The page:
Theatrical Design and Audience Appreciation: The effect of house lighting on appreciation, empathy and self-awareness.
Lamont 2011 MA.docx (199.1Kb)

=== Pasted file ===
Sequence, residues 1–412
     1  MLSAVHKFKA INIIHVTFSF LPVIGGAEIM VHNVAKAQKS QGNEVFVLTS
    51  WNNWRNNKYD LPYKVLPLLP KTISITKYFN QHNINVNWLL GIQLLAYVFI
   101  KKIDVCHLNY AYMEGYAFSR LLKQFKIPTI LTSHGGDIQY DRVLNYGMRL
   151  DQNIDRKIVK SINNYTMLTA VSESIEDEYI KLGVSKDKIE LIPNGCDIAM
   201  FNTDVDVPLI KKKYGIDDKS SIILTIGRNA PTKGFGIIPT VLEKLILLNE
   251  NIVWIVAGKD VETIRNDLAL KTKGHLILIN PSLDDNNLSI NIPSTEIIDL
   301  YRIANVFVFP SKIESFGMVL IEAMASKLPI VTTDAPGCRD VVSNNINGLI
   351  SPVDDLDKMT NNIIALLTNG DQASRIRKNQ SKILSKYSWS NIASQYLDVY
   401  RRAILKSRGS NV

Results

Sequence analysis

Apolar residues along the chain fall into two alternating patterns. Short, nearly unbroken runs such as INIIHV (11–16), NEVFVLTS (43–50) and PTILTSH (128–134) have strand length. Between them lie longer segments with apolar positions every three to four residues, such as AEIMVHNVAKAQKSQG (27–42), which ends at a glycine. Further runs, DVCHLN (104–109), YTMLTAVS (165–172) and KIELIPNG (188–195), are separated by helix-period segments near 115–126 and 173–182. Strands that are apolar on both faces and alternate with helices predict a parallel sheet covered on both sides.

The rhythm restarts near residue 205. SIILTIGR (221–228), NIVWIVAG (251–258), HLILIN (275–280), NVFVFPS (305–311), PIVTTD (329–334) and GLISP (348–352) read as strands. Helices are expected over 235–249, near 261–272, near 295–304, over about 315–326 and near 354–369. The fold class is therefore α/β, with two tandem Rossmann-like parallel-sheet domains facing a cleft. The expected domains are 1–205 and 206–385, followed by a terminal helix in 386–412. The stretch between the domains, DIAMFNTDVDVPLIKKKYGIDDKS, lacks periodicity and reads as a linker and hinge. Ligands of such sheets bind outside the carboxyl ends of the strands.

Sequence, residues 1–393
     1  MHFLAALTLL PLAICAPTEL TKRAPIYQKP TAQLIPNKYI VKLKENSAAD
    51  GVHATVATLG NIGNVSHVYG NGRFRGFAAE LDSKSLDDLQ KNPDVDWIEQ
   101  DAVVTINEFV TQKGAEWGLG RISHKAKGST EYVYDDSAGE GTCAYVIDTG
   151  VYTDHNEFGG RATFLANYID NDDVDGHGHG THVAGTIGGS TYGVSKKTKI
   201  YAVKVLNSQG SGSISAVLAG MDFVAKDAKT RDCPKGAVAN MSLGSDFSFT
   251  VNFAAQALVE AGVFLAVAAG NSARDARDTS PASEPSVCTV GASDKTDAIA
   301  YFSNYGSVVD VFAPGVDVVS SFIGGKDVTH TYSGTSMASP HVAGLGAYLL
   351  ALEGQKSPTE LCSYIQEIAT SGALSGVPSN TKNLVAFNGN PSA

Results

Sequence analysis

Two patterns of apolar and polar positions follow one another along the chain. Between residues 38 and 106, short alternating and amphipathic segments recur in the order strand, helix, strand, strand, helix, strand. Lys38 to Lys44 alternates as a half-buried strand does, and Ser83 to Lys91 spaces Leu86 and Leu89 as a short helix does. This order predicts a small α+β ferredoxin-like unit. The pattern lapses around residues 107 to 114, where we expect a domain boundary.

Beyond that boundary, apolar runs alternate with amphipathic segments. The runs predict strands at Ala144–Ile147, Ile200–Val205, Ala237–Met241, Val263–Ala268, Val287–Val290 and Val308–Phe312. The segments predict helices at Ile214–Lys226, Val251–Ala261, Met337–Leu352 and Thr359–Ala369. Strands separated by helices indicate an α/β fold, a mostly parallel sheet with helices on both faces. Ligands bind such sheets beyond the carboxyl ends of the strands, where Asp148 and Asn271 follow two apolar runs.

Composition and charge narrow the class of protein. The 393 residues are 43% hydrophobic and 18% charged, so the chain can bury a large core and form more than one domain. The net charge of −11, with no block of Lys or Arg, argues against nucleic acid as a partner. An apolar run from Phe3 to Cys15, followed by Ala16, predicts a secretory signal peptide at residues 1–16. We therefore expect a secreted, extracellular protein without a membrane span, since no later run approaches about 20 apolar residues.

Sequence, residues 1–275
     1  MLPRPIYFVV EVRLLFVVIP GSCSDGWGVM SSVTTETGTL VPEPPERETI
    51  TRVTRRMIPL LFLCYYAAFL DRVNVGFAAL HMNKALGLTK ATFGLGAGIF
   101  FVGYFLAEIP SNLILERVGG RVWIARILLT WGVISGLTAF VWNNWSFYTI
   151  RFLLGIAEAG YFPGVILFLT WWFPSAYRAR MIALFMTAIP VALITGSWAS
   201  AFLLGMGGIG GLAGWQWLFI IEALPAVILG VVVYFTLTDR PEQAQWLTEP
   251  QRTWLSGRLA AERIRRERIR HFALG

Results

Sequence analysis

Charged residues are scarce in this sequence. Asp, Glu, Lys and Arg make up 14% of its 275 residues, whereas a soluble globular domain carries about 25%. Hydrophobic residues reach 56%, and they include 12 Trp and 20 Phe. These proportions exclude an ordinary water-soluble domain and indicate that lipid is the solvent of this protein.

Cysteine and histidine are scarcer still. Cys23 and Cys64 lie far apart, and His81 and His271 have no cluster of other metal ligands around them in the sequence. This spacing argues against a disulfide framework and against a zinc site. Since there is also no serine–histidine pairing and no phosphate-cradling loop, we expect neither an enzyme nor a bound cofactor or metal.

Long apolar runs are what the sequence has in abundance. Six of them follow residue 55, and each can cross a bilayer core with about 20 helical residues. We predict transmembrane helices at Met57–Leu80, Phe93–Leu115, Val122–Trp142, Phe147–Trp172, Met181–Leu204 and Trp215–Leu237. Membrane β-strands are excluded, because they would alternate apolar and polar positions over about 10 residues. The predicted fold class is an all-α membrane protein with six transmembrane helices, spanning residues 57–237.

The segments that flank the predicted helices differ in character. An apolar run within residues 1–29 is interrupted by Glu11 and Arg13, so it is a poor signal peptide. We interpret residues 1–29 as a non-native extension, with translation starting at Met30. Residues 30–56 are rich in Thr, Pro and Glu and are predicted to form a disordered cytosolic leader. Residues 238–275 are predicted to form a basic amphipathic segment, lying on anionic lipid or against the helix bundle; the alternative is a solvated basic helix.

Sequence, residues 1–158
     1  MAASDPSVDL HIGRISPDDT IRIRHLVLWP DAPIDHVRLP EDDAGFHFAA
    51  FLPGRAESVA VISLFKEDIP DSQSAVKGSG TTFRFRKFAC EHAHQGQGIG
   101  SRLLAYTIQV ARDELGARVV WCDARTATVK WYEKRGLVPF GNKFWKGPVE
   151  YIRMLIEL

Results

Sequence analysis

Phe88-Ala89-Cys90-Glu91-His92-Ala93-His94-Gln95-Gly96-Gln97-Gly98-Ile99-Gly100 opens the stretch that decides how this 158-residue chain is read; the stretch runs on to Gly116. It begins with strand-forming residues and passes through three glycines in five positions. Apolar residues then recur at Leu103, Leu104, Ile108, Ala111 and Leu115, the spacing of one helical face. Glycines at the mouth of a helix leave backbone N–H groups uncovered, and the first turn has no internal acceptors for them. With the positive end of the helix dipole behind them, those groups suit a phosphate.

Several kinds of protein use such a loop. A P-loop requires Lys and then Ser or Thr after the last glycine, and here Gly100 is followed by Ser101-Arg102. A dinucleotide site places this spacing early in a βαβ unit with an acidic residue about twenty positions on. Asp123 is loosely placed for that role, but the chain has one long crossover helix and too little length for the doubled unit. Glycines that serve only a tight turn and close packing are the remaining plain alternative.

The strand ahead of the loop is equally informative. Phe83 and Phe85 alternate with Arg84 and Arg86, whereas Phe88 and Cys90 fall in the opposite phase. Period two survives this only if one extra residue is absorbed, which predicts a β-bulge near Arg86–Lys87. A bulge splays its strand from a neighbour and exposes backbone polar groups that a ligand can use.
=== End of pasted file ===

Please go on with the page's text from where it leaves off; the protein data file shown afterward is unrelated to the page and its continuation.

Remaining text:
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The study aimed to investigate the practice of darkening an auditorium for a performance, and the effect that this has upon the audience’s appreciation towards a play, empathy for characters, and self-awareness during a performance. A pilot study and a main experiment were devised. The pilot measured the feasibility of a large experiment based around a theatrical performance, measuring audience feedback rates with a simple questionnaire, and involved interviews with members of the Edinburgh University Theatre Company about design elements in theatre and their effects. The main experiment involved producing a theatrical performance with the EUTC and altering major design elements (in this case, house lighting) over 2 performances in order to measure any effect. This effect was measured by participant self-report on a questionnaire, utilising a visual analogue scale to scale levels of appreciation, empathy and self-awareness. The study found that the presence of house lighting had no effect on the appreciation felt towards the show (F (3, 46) = .009, p>0.05), empathy felt toward the central theme of the performance (F (3,46) = .912, p>0.05), self-awareness in the first ten minutes (F (3,46) = .389, p>0.05) or self awareness in the last fifteen minutes (F (3,46) = .039, p>0.05). In addition, no significant correlation was found between empathy and appreciation (r(48) = .177, p>0.05). A significant correlation was found between self awareness at the beginning and at the end of the performance (r(48) = .357, p<0.05). The results suggest that appreciation towards, empathy for and self awareness during a show remain untouched by the lighting level in the auditorium. There is the suggestion that empathy towards the central theme of a performance is related to appreciation, due to a near-significant correlation (r(48) = .177). Questions are also raised regarding the correlation between self awareness at the start and end of the performance, when compared to the lack of effect between house lighting and self-awareness. The results found, however, are likely the result of weak statistical power (0.18 of a standard deviation), as they do not agree with published research. Future avenues of research are suggested, as the implications drawn from the analysis seem promising.